the case for chasing the new

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I was on a call with a couple of meditation teachers friends earlier today and as often, they were quite amused by what they consider my bag of tricks. Aka my digitally-minded ideas.

It’s true, I have been tech-savvy since I was a kid. I was lucky to get a big brother when I was about 10 years old. When we met, over a barbecue in my family’s garden with my little brother in tow, he was visiting from New York with his wife and their two baby daughters. Yes, I should clarify, he is 25 years older than me, and we only share one parent, our dad. He is my half-brother though the term really makes little sense now.

Michel is the smart one in the family, make no mistake! When his parents refused for him to study physics at university (on what grounds, I don’t recall), they only came to an agreement when he pledged to do both med school and physics. At the same time, or so the legend goes.

The gift of the new brother came with a computer, or two, and games. Oh, how we loved the games! And some great music. Michael Jackson’s ‘Thriller’, Pink Floyd’s ‘Dark Side Of The Moon’, and Whitney Houston’s debut album. All game-changers for me.

With a brainy geeky brother, I got a chance to embrace the new. We’d convene at his apartment for holidays and he would always have a new piece of technology to share with us. I have hilarious images of our blended family, my ancient dad included, a tight crowd behind his computer screen, enjoying something new, or rather fantastical for the older generation.

So I take my tendencies from him, really. I remember being wildly excited to get a Nokia with an integrated radio back in 1998. With podcasts being very in and everyone embracing audio, I want to point out: I always believed in sound.

Back to today: I’ve been wondering why chasing the new, especially in terms of technology, has such a pull on me. It goes beyond the simple pleasure of discovery, though that is strong too. You maybe have picked up on my not too subtle disabused feelings about Facebook and as many others, I feel a growing concern as to how people and brands can safely continue to communicate on these platforms.

I am not making a case for them to disappear, though you will see in this article by Amy Brown, that managing social media comes at a high price, and things are not looking good.

Now we all know the algorithm on FB, IG and Twitter is working against brands and sometimes against common sense. Seeing something from 24h ago when someone has posted three times since because the one post had a higher reach doesn’t suit my personal use. In any case, what do we do now?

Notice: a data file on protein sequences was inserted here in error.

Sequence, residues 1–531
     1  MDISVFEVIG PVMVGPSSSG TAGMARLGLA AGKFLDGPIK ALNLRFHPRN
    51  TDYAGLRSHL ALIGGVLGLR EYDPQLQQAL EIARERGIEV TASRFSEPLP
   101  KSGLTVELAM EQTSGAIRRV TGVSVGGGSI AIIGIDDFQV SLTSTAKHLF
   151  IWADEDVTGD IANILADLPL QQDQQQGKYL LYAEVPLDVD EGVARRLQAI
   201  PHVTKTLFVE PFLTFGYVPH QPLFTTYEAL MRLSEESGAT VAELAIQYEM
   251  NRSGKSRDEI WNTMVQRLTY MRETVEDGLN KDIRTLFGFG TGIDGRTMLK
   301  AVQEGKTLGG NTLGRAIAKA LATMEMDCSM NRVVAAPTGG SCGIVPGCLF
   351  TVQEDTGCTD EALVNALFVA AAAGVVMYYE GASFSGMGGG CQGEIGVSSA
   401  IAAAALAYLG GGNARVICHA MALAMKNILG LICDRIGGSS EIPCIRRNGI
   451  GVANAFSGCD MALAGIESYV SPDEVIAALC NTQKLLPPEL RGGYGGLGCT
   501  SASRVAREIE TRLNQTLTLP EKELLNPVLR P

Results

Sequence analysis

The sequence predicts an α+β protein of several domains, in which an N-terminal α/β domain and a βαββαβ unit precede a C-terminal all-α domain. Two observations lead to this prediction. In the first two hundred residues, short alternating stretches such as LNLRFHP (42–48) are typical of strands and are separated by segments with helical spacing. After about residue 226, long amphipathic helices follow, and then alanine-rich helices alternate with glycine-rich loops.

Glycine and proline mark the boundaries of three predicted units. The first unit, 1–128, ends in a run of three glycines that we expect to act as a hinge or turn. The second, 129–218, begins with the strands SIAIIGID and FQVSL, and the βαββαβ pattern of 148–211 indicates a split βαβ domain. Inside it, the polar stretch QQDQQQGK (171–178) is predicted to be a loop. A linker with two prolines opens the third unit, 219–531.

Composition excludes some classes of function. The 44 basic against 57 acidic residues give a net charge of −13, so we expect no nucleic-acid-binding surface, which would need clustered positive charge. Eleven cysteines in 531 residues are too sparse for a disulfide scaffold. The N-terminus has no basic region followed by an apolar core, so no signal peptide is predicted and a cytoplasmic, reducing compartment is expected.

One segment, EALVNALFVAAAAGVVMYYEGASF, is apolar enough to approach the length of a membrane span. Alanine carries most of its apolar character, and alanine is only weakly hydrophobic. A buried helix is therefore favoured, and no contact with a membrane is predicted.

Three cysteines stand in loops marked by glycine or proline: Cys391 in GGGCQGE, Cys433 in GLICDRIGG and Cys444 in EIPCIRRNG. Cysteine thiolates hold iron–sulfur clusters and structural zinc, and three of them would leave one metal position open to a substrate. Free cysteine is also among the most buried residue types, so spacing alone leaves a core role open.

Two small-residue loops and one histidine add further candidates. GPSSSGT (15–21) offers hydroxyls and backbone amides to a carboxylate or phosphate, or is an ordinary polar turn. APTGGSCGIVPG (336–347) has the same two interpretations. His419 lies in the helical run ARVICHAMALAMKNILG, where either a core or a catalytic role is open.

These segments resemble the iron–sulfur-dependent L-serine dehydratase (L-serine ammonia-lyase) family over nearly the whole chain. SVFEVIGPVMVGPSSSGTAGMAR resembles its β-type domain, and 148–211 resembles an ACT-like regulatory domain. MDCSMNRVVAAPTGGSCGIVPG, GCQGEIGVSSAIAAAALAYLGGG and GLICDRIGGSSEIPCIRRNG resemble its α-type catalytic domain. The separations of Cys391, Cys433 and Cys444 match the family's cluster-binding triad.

We look for the new. Or maybe make a case for the old?


Hyped up in the last few months, Clubhouse is the new platform making a hit. The drop-in audio chat is a new kind of social product based on voice. I am only just starting to use it and it seems exciting. Something between podcast, radio and forum.

A funny thing: outside of the app itself being promising, it’s been promoted quite heavily by Elon Musk and there seems to be a small misunderstanding as to the stock name on the market, as reported by the Financial Times.


Linked to the theme of sound and chasing the new, one of my favourite newsletters, la Colazione dei Campioni, also introduced me to Capp.FM or cappucino for short, which describes itself as “a daily personal audio show featuring your friends.”


Lastly, I came across Vibely, the brainchild of two Asana alumni, who proudly boast: 'Built by women, not gamer dudes.'

This startup has created a premium, creator-controlled community platform that allows fans to gather and for creators to create revenue in new ways.

“[Creators] are controlling their own destiny,” Yu told TechCrunch. “On Instagram or Facebook, you might create content but the algorithm decides at the end of the day whether or not your audience sees it. With Vibely, they have 100% control since this is their community.” The startup is planning to make money through membership dues and in-app mechanics like social currencies and rewards.

The platform doesn't ask creators to put more content out there, but to interact with their own fans in a meaningful way. The company’s goal is to be more positive and supportive of the humans who use it (creators and fans), and the founders secured seed financing from backers including Steve Chen, the co-founder of YouTube; Justin Rosenstein, the co-founder of Asana and co-creator of Netflix’s “Social Dilemma” documentary amongst others.

It sounds to me like they are building a platform for generous interaction, meaningful for all involved. This reminds me of Brené Brown and how generosity is one of the qualities that helps build trust.

I am happy to see new startups for now eschewing the current tendencies of established tech giants and putting the consumer’s needs and their wellbeing at the centre of the product or experience.


I’ve been working with a client on their forthcoming yearly strategy, as they are being courted by investors - exciting for many reasons, and especially because of the times we are in. Knowing what we know about the major social media platforms today, we found ourselves agreeing on a major point. It may sound like I am breaking an open door but hear me out.

I love every opportunity social has given us and yet old-style relationship building and yes, PR, and yes, press, is where I want to focus our time and energy (and budget). The model has its flaws too, many, and when a brand doesn’t advertise, it is as difficult to get seen, almost like it was an algorithm.

The big difference though is this: it’s not two algorithms doing business, it’s people doing business. There is an exchange of energy, there is a relationship to build.

Just think about how much more capacity there is for success when it’s a person choosing whether or not to put your products in front of a new audience, not a machine.